Progress toward the transition to cleaner and more renewable energy sources is gathering pace at the same time as a wide range of new technologies, from artificial intelligence to the tools that make the widespread adoption of renewables possible. The growth of cutting-edge technologies and the shift to sustainable energy consumption are inextricably linked. At Atlas, we believe that by recognizing and embracing these connections, we can foster an environment that supports and accelerates the adoption of renewable energy.

Renewable technologies mature

The development of renewable energy sources like solar and wind power is one of the most dramatic technological developments in modern history. Once dismissed as infeasibly expensive, investment and advancement have made solar power the least expensive source of power in many parts of the world.

Some of that change is simply due to increased demand leading to economies of scale, but much of it is also due to the increased efficiency of the panels themselves. Commercially available solar panels in 2010 had an efficiency average of 14.7%, meaning that 14.7% of the solar energy that hits the panel is converted to electricity. Efficiencies today are generally between 17-22% efficiency, with an average of 19.2%, with some experimental next-generation solar panels upwards of 40% efficient. Continued improvement in the panels themselves means lower costs and the ability to adopt solar power production at an even wider scale.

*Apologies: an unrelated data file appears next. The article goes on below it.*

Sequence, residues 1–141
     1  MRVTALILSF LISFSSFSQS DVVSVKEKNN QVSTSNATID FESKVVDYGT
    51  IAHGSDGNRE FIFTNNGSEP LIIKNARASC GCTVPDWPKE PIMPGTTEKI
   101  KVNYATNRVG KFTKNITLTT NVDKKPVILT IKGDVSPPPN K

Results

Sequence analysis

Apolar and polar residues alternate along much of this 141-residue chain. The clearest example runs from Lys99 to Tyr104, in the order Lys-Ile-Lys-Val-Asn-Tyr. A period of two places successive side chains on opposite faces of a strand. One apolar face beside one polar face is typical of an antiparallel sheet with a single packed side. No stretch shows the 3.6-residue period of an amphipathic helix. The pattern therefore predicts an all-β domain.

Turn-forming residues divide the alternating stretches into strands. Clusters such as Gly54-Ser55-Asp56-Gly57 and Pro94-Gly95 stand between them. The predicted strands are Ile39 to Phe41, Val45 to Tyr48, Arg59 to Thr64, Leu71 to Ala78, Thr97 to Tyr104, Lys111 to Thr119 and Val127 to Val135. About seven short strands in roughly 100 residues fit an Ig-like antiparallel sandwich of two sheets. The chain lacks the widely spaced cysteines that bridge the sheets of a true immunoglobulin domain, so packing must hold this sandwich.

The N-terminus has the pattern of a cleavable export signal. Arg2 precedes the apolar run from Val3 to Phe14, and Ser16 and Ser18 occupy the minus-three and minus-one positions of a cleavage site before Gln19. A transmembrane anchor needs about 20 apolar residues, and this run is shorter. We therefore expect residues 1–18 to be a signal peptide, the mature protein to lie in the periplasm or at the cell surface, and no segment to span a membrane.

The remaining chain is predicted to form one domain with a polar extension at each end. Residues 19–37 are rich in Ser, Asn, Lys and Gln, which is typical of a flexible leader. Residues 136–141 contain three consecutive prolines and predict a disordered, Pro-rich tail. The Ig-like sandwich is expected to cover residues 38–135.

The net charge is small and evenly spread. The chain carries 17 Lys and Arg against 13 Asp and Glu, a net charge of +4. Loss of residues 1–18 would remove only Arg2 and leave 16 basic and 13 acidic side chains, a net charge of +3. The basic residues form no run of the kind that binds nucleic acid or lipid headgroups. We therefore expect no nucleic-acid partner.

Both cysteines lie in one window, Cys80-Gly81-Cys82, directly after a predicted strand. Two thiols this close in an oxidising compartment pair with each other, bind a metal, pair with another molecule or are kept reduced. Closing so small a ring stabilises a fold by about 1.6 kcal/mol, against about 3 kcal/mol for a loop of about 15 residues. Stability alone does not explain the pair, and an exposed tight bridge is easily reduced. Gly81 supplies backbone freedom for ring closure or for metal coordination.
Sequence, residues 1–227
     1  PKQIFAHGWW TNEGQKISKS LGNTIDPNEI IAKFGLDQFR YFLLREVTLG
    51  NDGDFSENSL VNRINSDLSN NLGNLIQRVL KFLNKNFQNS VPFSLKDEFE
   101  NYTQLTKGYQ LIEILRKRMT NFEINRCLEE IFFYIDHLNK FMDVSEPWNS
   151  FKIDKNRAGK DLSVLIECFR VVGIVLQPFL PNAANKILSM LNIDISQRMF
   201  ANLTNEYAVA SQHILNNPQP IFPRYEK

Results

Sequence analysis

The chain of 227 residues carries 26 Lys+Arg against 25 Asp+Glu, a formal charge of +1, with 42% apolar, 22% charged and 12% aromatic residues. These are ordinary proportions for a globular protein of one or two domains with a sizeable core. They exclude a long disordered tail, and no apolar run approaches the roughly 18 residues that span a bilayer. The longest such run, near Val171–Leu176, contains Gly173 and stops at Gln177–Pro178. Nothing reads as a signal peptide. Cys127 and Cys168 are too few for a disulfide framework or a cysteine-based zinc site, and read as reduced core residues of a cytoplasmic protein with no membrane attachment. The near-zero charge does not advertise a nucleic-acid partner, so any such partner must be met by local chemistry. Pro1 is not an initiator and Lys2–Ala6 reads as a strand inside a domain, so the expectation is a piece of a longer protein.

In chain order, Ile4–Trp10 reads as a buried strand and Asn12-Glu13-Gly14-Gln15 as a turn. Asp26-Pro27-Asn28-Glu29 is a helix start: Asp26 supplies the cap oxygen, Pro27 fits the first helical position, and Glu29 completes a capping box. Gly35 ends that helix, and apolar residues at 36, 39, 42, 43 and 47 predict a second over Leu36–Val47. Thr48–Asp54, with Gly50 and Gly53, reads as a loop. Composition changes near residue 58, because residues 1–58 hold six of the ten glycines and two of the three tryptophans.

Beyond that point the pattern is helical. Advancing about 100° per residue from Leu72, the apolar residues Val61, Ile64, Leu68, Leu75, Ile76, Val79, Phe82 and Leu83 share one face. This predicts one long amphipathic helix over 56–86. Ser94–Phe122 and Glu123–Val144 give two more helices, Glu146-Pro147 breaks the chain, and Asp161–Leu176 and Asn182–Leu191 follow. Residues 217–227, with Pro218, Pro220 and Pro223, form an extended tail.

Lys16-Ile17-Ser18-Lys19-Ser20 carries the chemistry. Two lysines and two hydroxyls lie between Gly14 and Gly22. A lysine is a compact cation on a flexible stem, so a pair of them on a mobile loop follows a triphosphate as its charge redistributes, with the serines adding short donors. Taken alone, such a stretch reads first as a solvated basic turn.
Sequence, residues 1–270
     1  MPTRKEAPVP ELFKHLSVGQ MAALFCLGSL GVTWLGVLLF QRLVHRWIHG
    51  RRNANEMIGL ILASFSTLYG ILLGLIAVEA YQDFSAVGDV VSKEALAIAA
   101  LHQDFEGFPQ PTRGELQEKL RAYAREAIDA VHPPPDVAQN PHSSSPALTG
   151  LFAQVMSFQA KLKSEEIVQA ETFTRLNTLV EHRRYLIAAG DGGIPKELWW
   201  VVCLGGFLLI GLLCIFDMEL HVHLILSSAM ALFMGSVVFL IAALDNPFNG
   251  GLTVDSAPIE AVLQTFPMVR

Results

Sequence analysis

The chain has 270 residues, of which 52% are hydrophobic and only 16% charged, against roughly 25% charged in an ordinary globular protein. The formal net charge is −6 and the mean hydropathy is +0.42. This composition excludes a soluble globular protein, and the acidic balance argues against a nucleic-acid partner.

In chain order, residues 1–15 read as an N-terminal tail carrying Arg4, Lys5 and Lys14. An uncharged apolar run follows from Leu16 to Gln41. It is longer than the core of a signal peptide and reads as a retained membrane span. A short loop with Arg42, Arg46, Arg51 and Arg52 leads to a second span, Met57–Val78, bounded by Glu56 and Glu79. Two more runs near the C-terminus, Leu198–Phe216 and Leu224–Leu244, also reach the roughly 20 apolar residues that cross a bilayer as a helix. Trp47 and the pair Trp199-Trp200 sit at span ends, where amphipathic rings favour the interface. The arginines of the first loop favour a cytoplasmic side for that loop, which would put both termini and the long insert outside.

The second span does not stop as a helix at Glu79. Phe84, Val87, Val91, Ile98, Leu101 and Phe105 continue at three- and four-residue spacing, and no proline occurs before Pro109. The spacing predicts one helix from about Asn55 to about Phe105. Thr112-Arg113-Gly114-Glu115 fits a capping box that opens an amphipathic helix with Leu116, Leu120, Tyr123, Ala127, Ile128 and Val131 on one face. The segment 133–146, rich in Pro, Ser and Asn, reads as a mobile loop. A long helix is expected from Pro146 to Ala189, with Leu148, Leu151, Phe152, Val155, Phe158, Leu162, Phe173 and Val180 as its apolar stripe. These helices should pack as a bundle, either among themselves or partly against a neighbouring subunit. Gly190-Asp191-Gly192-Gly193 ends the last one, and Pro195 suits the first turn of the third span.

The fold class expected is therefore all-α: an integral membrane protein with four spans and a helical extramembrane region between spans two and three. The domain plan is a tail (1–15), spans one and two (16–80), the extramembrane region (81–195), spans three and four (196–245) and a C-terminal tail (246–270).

Though it has had less dramatic improvements in recent years than solar, wind technology continues to improve as well. Greater efficiency and economies of scale have caused wind power to similarly experience a significant price drop.

One developing technology that is especially important for the incorporation of both wind and solar energy into our daily electrical mix is power storage. Since renewable energy is inherently intermittent (the sun doesn’t always shine, and the wind doesn’t always blow) utilizing renewables around the clock is complicated. For example, solar power production peaks in the afternoon, while electrical demand peaks in the evening. This means that some of the potential solar power production will not be realized, a phenomenon known as ‘curtailment’, which refers to the regulatory restrictions imposed on production, rather than a natural limitation of the energy source. Now, as battery technology improves, the excess produced at peak production times can be saved for later.